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  • Both these methods, differing from that now employed, are interesting as preliminary steps towards the method of fluxions and the differential calculus.

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  • The well-known Treatise on Differential Equations appeared in 1859, and was followed, the next year, by a Treatise on the Calculus of Finite Differences, designed to serve as a sequel to the former work.

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  • Speculations concerning a calculus of reasoning had at different times occupied Boole's thoughts, but it was not till the spring of 1847 that he put his ideas into the pamphlet called Mathematical Analysis of Logic. Boole afterwards regarded this as a hasty and imperfect exposition of his logical system, and he desired that his much larger work, An Investigation of the Laws of Thought, on which are founded the Mathematical Theories of Logic and Probabilities (1854), should alone be considered as containing a mature statement of his views.

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  • While still an undergraduate he formed a league with John Herschel and Charles Babbage, to conduct the famous struggle of "d-ism versus dot-age," which ended in the introduction into Cambridge of the continental notation in the infinitesimal calculus to the exclusion of the fluxional notation of Sir Isaac Newton.

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  • Lacroix's Differential Calculus in 1816.

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  • Peacock powerfully aided the movement by publishing in 1820 A Collection of Examples of the Application of the Differential and Integral Calculus.

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  • Phillips, 1896); A Brief Introduction to the Infinitesimal Calculus (1897); The Nature of Capital and Income (1906); The Rate of Interest 0907); National Vitality (1909); The Purchasing Power of Money (1911); Elementary Principles of Economics (1913); Why is the Dollar Shrinking?

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  • Hence, early empiricism makes ethics simply a calculus of pleasures (" hedonism ").

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  • Sidgwick holds that intuition must justify the claims of the general happiness upon the individual, though everything subsequent is hedonistic calculus.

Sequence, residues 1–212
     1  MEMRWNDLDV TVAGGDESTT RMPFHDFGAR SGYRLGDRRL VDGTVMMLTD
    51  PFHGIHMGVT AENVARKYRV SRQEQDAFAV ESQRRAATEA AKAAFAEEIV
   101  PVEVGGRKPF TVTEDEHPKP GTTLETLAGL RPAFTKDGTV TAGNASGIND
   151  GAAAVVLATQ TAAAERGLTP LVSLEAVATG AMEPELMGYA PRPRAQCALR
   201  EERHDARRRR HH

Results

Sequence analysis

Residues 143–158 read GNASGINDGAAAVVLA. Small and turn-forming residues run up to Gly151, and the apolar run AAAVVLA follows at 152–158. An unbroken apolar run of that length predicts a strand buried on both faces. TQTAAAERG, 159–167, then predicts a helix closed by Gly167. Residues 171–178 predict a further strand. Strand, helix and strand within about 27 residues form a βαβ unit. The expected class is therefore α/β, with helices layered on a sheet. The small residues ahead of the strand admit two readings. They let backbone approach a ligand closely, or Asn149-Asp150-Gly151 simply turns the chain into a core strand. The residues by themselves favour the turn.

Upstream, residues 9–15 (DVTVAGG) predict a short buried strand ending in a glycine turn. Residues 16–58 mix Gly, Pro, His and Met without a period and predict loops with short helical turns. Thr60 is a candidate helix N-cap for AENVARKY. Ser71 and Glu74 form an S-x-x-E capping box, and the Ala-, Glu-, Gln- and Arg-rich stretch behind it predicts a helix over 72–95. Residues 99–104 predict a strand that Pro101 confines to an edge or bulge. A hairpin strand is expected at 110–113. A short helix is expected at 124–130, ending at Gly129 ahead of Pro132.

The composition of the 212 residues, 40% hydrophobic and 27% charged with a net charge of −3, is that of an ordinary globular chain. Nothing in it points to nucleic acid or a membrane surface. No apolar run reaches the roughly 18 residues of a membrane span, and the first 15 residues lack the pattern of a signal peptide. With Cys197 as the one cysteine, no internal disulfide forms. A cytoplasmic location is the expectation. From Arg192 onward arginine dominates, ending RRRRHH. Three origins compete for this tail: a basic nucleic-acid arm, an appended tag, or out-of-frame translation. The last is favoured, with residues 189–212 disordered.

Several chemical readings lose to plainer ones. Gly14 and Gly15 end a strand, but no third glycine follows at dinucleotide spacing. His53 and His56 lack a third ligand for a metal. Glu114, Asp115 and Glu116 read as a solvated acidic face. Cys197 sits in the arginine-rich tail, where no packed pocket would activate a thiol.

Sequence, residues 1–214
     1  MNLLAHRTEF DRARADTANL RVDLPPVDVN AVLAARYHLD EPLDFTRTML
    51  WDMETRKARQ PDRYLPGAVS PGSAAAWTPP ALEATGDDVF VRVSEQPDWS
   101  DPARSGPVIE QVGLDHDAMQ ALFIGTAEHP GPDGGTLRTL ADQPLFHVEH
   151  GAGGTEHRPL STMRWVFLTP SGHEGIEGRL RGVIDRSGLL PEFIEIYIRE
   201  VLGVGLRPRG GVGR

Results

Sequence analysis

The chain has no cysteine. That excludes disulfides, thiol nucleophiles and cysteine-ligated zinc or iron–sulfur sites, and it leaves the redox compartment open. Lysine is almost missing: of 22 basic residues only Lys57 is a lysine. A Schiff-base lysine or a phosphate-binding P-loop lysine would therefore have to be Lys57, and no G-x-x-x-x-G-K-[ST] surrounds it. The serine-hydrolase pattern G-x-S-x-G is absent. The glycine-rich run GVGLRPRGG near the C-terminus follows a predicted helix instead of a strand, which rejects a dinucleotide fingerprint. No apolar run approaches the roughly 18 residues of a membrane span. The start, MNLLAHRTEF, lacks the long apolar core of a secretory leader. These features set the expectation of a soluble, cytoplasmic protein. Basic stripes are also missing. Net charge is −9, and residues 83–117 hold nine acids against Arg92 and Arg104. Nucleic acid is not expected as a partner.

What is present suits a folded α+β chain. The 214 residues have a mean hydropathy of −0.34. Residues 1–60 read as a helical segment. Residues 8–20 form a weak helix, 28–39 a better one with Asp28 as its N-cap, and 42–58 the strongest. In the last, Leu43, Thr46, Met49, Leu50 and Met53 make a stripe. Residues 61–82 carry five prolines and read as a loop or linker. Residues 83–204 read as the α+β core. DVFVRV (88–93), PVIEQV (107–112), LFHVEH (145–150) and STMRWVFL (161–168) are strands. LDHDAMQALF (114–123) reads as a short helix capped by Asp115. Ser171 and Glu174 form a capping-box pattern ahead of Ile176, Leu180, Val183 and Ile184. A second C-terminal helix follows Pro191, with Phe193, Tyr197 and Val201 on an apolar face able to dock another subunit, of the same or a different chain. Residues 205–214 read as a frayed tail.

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  • Amongst the most important of his works not already mentioned may be named the following: - Mathematical Tracts (1826) on the Lunar Theory, Figure of the Earth, Precession and Nutation, and Calculus of Variations, to which, in the second edition of 1828, were added tracts on the Planetary Theory and the Undulatory Theory of Light; Experiments on Iron-built Ships, instituted for the purpose of discovering a correction for the deviation of the Compass produced by the Iron of the Ships (1839); On the Theoretical Explanation of an apparent new Polarity in Light (1840); Tides and Waves (1842).

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  • The former was professor of mathematics at Bologna, and published, among other works, a treatise on the infinitesimal calculus.

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  • This discovery was followed by that of the calculus of partial differences, the first trials of which were published in his Reflexion sur la cause generale des vents (1747).

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  • He at once took a leading position in the mathematical teaching of the university, and published treatises on the Di f ferential calculus (in 1848) and the Infinitesimal calculus (4 vols., 1852-1860), which for long were the recognized textbooks there.

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  • This latter work included the differential and integral calculus, the calculus of variations, the theory of attractions, and analytical mechanics.

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  • (See Infinitesimal Calculus.) He also discovered a method of deriving one curve from another, by means of which finite areas can be obtained equal to the areas between certain curves and their asymptotes.

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  • But no carefully devised calculus can take the place of insight, observation and experience.

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  • Arithmetic, algebra, and the infinitesimal calculus, are sciences directly concerned with integral numbers, rational (or fractional) numbers, and real numbers generally, which include incommensurable numbers.

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  • For the subjects of this general heading see the articles ALGEBRA, UNIVERSAL; GROUPS, THEORY OF; INFINITESIMAL CALCULUS; NUMBER; QUATERNIONS; VECTOR ANALYSIS.

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  • Under the general heading "Analysis" occur the subheadings "Foundations of Analysis," with the topics theory of functions of real variables, series and other infinite processes, principles and elements of the differential and of the integral calculus, definite integrals, and calculus of variations; "Theory of Functions of Complex Variables," with the topics functions of one variable and of several variables; "Algebraic Functions and their Integrals," with the topics algebraic functions of one and of several variables, elliptic functions and single theta functions, Abelian integrals; "Other Special Functions," with the topics Euler's, Legendre's, Bessel's and automorphic functions; "Differential Equations," with the topics existence theorems, methods of solution, general theory; "Differential Forms and Differential Invariants," with the topics differential forms, including Pfaffians, transformation of differential forms, including tangential (or contact) transformations, differential invariants; "Analytical Methods connected with Physical Subjects," with the topics harmonic analysis, Fourier's series, the differential equations of applied mathematics, Dirichlet's problem; "Difference Equations and Functional Equations," with the topics recurring series, solution of equations of finite differences and functional equations.